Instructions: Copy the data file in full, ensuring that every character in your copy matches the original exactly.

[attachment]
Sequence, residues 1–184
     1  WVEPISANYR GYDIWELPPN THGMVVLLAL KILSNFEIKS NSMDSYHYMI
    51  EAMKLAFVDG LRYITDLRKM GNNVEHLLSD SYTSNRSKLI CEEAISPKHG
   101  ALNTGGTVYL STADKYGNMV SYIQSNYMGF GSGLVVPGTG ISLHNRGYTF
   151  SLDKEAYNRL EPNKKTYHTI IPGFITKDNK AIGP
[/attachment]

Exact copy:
Sequence, residues 1–184
     1  WVEPISANYR GYDIWELPPN THGMVVLLAL KILSNFEIKS NSMDSYHYMI
    51  EAMKLAFVDG LRYITDLRKM GNNVEHLLSD SYTSNRSKLI CEEAISPKHG
   101  ALNTGGTVYL STADKYGNMV SYIQSNYMGF GSGLVVPGTG ISLHNRGYTF
   151  SLDKEAYNRL EPNKKTYHTI IPGFITKDNK AIGP